Once more the tension of the moment became too great for Joseph to bear. Turning from his brothers he fled into his chamber and wept. His heart yearned to be able to talk with them in a more natural manner. Only his firm resolve to care for their spiritual lives first, kept him from yielding. 

Only after he had once more gained control over his feelings could Joseph return to his brothers. Washing his face to remove all traces of his tears, Joseph commanded that the meal should be served, and returned to the dining hall. Three different tables were set, one for the Egyptians who customarily did not eat with foreigners, one for himself by reason of his rank, and one for the brothers. It was necessary for Joseph to maintain this distance toward his brothers lest the relations should become more intimate than he could bear. One by one he assigned the brothers their place in order of their age from the oldest to the youngest. To the brothers this was amazing for they were all grown men and their differences of age were not very apparent. It only increased the feeling among the brothers that their lives were being controlled by a hand much greater than they could understand. At last Joseph was ready to begin the test he had planned from the beginning, feeling that it was so very important. As the meal was being served he had a portion five times as great as that of the others placed before Benjamin. It was a common sign in that day of special favor. It mattered not whether the person could eat it or not; it singled him out for special distinction. Anxiously he watched the faces of the others. Was there any sign of displeasure? of jealousy or envy? Joseph could detect none. Rather the brothers seemed pleased that Benjamin was received with such favor. The ten brothers ate and drank; their merriment appeared sincere. With relief in his soul Joseph felt more confident than he had for many a day. He was taken up into the merriment of his brothers. 

Still Joseph was determined not to be overly hasty in his conclusion. He would prepare one more test, the most difficult of all. It would be the final test, after which his own identity would have to be made known. He called his steward to him and told him to give the men as much grain as they could carry and again restore their money to the mouth of their sacks, for Joseph would not take money, from his brothers. In addition he was to place Joseph’s silver drinking cup in Benjamin’s sack and send the brothers on their way.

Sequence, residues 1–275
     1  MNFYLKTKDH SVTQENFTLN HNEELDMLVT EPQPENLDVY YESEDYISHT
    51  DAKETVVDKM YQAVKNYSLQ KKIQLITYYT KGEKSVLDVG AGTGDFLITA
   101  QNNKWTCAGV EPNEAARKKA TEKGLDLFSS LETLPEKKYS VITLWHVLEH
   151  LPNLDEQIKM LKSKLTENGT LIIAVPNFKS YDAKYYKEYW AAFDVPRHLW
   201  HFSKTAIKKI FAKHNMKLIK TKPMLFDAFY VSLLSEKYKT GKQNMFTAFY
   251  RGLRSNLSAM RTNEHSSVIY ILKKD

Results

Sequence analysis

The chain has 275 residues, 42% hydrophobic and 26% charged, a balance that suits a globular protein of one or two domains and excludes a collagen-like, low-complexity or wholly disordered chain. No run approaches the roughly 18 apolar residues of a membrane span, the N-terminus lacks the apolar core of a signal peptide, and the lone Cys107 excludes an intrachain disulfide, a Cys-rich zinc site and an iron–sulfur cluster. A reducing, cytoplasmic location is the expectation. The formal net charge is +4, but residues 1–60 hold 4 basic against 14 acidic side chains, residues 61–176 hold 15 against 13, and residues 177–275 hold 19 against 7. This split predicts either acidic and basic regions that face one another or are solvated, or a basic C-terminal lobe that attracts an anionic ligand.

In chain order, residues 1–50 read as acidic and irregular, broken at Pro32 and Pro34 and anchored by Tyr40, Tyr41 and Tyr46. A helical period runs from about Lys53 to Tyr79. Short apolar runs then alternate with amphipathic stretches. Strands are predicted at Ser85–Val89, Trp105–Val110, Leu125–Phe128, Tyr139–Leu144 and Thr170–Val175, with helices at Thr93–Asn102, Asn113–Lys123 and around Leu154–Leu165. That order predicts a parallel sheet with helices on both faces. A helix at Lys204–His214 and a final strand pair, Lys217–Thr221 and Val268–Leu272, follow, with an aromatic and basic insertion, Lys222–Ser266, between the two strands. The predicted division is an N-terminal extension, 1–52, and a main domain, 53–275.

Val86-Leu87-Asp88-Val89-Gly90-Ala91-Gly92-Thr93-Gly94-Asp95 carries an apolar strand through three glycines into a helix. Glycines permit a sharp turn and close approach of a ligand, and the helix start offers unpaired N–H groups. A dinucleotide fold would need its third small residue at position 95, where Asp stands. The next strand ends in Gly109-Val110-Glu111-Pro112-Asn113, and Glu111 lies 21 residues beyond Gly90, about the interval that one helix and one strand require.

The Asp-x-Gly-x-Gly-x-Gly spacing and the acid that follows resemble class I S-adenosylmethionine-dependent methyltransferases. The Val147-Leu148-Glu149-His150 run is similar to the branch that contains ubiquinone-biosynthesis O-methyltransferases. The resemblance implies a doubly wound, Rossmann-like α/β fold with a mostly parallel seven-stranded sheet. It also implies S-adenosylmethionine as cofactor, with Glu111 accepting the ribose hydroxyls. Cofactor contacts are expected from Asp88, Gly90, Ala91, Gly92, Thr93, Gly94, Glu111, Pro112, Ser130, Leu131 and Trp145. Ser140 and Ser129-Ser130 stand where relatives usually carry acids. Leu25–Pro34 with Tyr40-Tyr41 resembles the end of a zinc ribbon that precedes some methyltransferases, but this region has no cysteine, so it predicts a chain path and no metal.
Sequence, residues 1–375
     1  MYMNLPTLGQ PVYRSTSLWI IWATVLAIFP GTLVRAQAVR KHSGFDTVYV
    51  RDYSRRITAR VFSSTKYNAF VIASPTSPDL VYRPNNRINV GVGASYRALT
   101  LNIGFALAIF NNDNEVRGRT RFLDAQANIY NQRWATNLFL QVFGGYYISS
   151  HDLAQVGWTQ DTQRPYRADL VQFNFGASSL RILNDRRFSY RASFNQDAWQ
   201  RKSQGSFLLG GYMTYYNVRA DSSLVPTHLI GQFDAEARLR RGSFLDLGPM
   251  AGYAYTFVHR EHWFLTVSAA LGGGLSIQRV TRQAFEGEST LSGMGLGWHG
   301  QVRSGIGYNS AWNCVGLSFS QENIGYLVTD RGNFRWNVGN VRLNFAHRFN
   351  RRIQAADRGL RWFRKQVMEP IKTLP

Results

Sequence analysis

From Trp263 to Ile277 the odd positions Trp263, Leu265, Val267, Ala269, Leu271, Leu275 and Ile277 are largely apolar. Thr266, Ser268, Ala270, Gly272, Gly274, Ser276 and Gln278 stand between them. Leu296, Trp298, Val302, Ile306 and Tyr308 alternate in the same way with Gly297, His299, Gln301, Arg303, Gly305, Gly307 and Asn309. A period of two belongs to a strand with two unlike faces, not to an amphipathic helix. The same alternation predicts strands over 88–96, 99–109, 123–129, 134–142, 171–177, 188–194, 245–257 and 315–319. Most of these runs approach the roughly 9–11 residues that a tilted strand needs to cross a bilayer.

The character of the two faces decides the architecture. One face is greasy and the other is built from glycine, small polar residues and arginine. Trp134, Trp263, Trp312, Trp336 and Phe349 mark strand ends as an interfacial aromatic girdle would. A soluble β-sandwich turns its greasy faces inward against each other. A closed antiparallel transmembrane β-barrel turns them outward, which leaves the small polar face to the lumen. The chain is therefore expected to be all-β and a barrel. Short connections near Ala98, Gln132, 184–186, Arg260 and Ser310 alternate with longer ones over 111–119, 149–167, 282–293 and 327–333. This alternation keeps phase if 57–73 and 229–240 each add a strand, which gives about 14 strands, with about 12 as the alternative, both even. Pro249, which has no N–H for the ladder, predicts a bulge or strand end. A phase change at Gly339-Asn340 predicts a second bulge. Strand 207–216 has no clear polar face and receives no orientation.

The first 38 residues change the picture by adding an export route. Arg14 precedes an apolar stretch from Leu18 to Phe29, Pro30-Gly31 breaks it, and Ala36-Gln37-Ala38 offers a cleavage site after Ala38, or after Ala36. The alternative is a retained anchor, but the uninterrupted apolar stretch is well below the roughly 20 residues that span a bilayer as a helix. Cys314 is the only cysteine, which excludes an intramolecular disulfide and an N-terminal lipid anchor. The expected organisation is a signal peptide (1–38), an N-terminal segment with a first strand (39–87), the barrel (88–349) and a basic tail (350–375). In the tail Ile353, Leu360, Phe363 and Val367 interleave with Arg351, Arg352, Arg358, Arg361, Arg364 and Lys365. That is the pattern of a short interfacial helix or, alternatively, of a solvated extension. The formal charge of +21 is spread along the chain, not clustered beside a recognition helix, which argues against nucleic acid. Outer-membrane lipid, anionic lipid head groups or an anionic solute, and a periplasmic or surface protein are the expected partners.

Cheerfully the brothers set out on their journey home. Their conversation was more gay and lively than it had been for many a month. The reason for the sudden change of events they did not know, but they appreciated it just the same. It seemed as if the hand of God’s judgment had been lifted from off their souls. However, they had barely left the city when they heard loud shouts coming from behind them. Turning they saw the steward approaching very rapidly. Anger was written across his face as he spoke. “Wherefore have ye rewarded evil for good? Is not this it in which my lord drinketh, and whereby indeed he divineth? ye have done evil in so doing.” 

Once again a cloud of confusion settled upon the brothers. The dark face of the steward sent quivers of fear into their souls; but they knew not of what he spoke. “Wherefore saith my lord these words?” they answered. “God forbid that thy servants should do according to this thing.” Had not they proved their honesty? “Behold, the money, which we found in our sacks’ mouths, we brought again unto thee out of the land of Canaan: how then should we steal out of thy lord’s house silver or gold?” As they spoke, confidence returned, and almost rash was their promise. “With whomsoever of thy servants it be found, both let him die, and we also will be my lord’s bondsmen.” Speedily they alighted from their asses to help the steward in his search. 

The steward yielded to their suggestion: “Now also let it be according unto your words.” But first there was one qualification which he had to make: “He with whom it is found shall be my servant; and, ye shall be blameless.” Thereupon he began his search. Starting at the oldest he proceeded toward the youngest. 

One by one the baggage of each man was opened. Money was found in each one; but the steward had no interest in that. He had eyes only for the silver cup. Gradually the confidence of the brothers grew as the search of each man’s belongings in turn failed to produce the cup. Finally only Benjamin’s sacks remained, and they were almost gay again. He would be the least likely of them all to perpetrate such a petty theft. But alas when his sacks were opened, there lay the silver cup. 

Years or even months before there would have been little question among the brothers as to what to do; they would have left the one against whom the evidence pointed to make his way alone. But now things were quite different. Each man in turn had just passed through a strenuous search of his own soul. Each one felt himself to be the greatest among sinners and not nearly so ready to point his finger at another. They could not believe that this was something that Benjamin had done. Rather, it was the judgment of God resting upon them all. 

Rending their clothes in grief, they mounted again their asses and turned back to the city with common consent. As silently they rode together, there went up from each man’s soul a prayer that God would forgive, each man his own sin, that the family of Israel be not destroyed.